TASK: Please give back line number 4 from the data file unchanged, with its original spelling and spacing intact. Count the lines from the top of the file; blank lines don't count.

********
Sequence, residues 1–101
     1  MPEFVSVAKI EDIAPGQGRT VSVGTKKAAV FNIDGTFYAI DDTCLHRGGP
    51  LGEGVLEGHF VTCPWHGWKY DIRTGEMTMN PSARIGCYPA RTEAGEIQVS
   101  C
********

   101  C